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Colombia ceasefire to end half-century war in hours

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FARC leader Timoleon Jimenez speaks during a press conference in Havana, on August 28, 2016. A historic midnight ceasefire on Sunday is set to end a 52-year-old war between the Colombian state and FARC rebels.

[BOGOTA] A historic midnight ceasefire on Sunday is set to end a 52-year-old war between the Colombian state and FARC rebels.

Hundreds of thousands of Colombians have died since 1964 as rebel armies and gangs battled in the jungles in what is considered Latin America's last major civil armed conflict.

The Revolutionary Armed Forces of Colombia (FARC) on Sunday issued the order for its fighters to observe the cease fire from midnight (0500 GMT Monday).

"I order all our commanders and units and each one of our combatants to definitively cease fire and hostilities against the Colombian state from midnight tonight" top FARC leader Timoleon Jimenez said in a declaration before the media.

"The end of the conflict has arrived!" President Juan Manuel Santos wrote on his Twitter account Friday, after signing a decree to halt military operations against the FARC.

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The measure goes into effect following the conclusion on Wednesday of peace negotiations under way in Havana since November 2012.

Peace "is beginning to be a reality," Jimenez, whose real name is Rodrigo Londono, wrote on Twitter.

The FARC declared a unilateral ceasefire in July 2015. But Sunday night's ceasefire is the first in which both sides have committed to a definitive end to the fighting.

"The ceasefire is really one more seal on the end of the conflict. It is the test of fire," said Carlos Alfonso Velazquez, a security expert at the University of La Sabana.

Mr Santos and Jimenez are due to sign a final, full peace agreement some time between September 20 and 26.

Mr Santos has said the signing could take place at UN headquarters in New York, or in Havana or Bogota.

The ceasefire and definitive end of hostilities will be followed by a six-month demobilization process.

Guerrilla fighters will gather at collection points and give up their weapons under UN supervision.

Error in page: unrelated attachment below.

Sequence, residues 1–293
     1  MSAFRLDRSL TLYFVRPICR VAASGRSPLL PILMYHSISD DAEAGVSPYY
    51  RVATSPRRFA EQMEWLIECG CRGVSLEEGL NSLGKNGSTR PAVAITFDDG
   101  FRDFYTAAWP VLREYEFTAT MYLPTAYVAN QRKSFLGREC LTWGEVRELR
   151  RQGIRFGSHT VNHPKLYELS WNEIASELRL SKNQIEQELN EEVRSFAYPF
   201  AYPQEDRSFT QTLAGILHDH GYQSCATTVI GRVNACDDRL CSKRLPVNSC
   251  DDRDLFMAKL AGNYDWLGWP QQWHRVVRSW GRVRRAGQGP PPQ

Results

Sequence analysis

Beginning Monday, Mr Villegas said, "corridors" will be identified for the FARC's estimated 7,500 guerrillas to move toward demobilisation zones.

Guerrillas who refuse to demobilise and disarm "will be pursued with all the strength of the state forces," Mr Santos told El Espectador newspaper.

Before the demobilisation, the FARC will convene its leaders and troops one last time before transforming into "a legal political movement," according to a statement made public on Saturday.

The rebel gathering will be held from September 13-19 near the former guerrilla stronghold of San Vicente del Caguan in southern Colombia.

Attending will be 200 rebel delegates, including the FARC's 29-member central committee. International guests and journalists were also invited.

On October 2, Colombians will go to the polls to cast ballots in a referendum that Santos hopes will endorse the peace agreement.

Under a July ruling by the Constitutional Court, approval requires a majority "yes" vote by at least 4.4 million people, or 13 per cent of the electorate.

"A victory for the 'Yes' vote will be a mandate from citizens for future governments," Santos was quoting as saying by El Espectador.

"The plebiscite will grant the political legitimacy that is needed." He said the exact question that will be posed to voters in the referendum would be announced "in the coming days." "We are on the verge of perhaps the most important political decision of our lives," Mr Santos said in a speech on Saturday.

The territorial and ideological conflict has drawn in various left- and right-wing armed groups and gangs.

Efforts to launch peace talks with a smaller rebel group, the National Liberation Army, have yet to bear fruit.

But with the country's biggest rebel group, the FARC, ordering a definitive ceasefire, the conflict appears to be reaching an end.

The conflict has left some 260,000 dead, 45,000 missing and 6.9 million people uprooted from their homes.

The Senate has estimated the cost of implementing the peace accord at US$31 billion over the coming decade.

Santos said the cost would be funded by the state, private sector and international aid.


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